My favourite fall wheat wreath that you can make out of rye or any other grains or grasses. You just need some wire, dried grasses and a dream. Actually, dream not necessary, but you will need about an hour.
There are certain things I like about fall. I like raking leaves, the chill in the air and the fact that I don’t have to cut my grass. There are other things I don’t like about fall. I don’t like raking leaves or the chill in the air or the fact that I don’t get to cut my grass.
I’m a complex person. I blame it on not wearing a helmet as a child.
What I have for you today is all kinds of simple. There’s nothing complex about it and you can make it in about an hour provided you don’t get distracted by rustling leaves blowing down the street. Or street rustlers as they’re known ’round these parts.
How to make a wheat wreath.
(in its simplest form)
Told you. Simple. I had this wreath up on my door for no more than 15 minutes before a neighbour stopped in her tracks and came up to inspect it. She loved it. I should possibly mention I actually called her over to look at the wreath and stared at her expectantly like a Kindergartener holding up their latest finger painting. But still. I believe her reaction was genuine. She couldn’t fake that look of delight.
She, (my neighbour) as you might have guessed is a minimalist. But I think this wreath works for anyone, not just someone who has an appreciation for Charles Eames. And finger painting.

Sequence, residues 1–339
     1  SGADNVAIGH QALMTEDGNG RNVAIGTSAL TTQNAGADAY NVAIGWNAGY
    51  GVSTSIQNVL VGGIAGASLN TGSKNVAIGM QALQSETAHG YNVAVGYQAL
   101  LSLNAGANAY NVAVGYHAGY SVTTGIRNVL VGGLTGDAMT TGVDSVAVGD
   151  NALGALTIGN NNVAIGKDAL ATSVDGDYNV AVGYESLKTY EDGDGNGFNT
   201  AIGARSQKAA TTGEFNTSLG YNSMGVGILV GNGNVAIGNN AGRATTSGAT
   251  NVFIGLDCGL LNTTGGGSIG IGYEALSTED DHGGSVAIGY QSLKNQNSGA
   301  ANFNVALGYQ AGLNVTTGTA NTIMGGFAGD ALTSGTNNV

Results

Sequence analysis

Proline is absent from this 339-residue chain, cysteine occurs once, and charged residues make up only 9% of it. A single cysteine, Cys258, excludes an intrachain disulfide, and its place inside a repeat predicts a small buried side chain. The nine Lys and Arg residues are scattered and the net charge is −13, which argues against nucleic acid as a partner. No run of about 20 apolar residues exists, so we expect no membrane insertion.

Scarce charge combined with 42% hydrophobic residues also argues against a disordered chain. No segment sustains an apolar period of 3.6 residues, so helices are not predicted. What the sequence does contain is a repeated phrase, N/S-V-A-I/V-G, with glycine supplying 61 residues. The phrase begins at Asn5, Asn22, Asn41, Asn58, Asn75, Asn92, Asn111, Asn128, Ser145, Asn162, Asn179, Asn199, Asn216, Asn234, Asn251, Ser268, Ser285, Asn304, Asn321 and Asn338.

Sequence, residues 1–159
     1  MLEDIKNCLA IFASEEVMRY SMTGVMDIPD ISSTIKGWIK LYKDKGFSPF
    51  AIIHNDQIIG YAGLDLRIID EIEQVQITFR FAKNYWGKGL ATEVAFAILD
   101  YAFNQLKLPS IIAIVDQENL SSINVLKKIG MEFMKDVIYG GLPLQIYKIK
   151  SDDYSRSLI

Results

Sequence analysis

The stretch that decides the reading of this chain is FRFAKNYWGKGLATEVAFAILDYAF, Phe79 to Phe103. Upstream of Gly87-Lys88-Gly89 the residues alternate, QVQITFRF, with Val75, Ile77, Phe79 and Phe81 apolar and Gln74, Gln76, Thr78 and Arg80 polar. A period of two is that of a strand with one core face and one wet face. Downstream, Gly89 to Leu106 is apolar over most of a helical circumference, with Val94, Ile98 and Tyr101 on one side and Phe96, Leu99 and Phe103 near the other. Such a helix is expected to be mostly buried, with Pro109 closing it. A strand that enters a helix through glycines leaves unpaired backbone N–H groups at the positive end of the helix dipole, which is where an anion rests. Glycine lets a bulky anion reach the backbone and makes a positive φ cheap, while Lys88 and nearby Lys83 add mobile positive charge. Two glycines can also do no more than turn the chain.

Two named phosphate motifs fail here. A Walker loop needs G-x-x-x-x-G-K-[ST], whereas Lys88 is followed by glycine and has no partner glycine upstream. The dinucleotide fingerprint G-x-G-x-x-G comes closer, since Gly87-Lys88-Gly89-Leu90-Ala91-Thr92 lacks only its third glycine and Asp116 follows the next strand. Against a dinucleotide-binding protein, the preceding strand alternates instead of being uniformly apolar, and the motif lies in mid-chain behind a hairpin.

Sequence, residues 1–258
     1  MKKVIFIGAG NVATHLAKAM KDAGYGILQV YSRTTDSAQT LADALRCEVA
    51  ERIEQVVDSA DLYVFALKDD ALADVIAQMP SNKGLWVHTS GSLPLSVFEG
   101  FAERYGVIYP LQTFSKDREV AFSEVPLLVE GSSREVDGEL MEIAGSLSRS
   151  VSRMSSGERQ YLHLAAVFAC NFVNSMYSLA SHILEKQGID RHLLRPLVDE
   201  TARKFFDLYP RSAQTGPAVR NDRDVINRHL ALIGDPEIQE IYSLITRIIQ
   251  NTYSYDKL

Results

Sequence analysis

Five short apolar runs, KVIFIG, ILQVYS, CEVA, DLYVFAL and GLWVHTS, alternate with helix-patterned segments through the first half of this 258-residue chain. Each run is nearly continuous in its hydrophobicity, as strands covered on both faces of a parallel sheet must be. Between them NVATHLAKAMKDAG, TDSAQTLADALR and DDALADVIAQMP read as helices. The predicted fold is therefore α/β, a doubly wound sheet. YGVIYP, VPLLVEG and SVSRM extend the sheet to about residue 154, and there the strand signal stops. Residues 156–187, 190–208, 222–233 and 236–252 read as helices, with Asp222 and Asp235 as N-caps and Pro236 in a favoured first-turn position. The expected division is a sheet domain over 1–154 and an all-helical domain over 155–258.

I’m not opposed to big HUGE full wheat wreaths, but this one has a certain understated elegance to it.
DIY WHEAT WREATH
Materials (all measurements are for my wreath, change as suits you)
- Shape your piece of wire into a circle allowing the ends to overlap by around 2″. It’s easiest to get a perfect circle if you wrap the wire around something. I used the base of a BBQ propane tank.
- Wrap the floral wire around both ends to hold the circle in place. You now have the base for your wreath.
3. If you’re using a wheat sheaf like I did to steal some wheat sprigs from, just pull them out of random places in the sheaf. Once you pull them out, you won’t even know they’re gone from the sheaf. Stealing 44 sprigs makes no difference to the structure of the wheat sheaf at all.
4. Layer individual sprigs of wheat starting at the very centre of the left side of your wire circle. Alternate your placement of the sprigs so they aren’t in a perfectly straight line. Wire sprigs in place.
5. Continue placing and wiring until you get to the bottom centre of the wreath.
6. Once you’re at the bottom centre, wire the wheat stalks up the right side to help cover the wire.
7. Starting at the right centre of the wreath, repeat placing and wiring the sprigs until you get to the bottom centre again.
8. Hide the leftover stalks by wiring them on the backside of the wreath like before.
9. Snip off any long stalks that are left.
10. Stick small pieces of wheat to cover the bare spot you’ll have at the centre and wire tightly.
11. Hot glue a strand or two of wheat stalk around the exposed piece of wire at the centre of the wreath.
Your simple wreath is done.
There are two kinds of wheat. Wheat that has those long hair like things coming out of them (called awns), and hairless. Wheat awns have barbs as a way to protect the plant from being eaten by animals.
If you have a cat or dog that likes to chew on things these will get stuck in their mouth and throat so BE CAREFUL with any wheat around your pets.
Wanna skip past fall and go straight to Halloween? Here’s a good Halloween wreath tutorial. I’ve actually just been wondering if Halloween is going to be cancelled this year. I suppose it probably will be.
Get your straw, make your wreath and remember … always wear a helmet.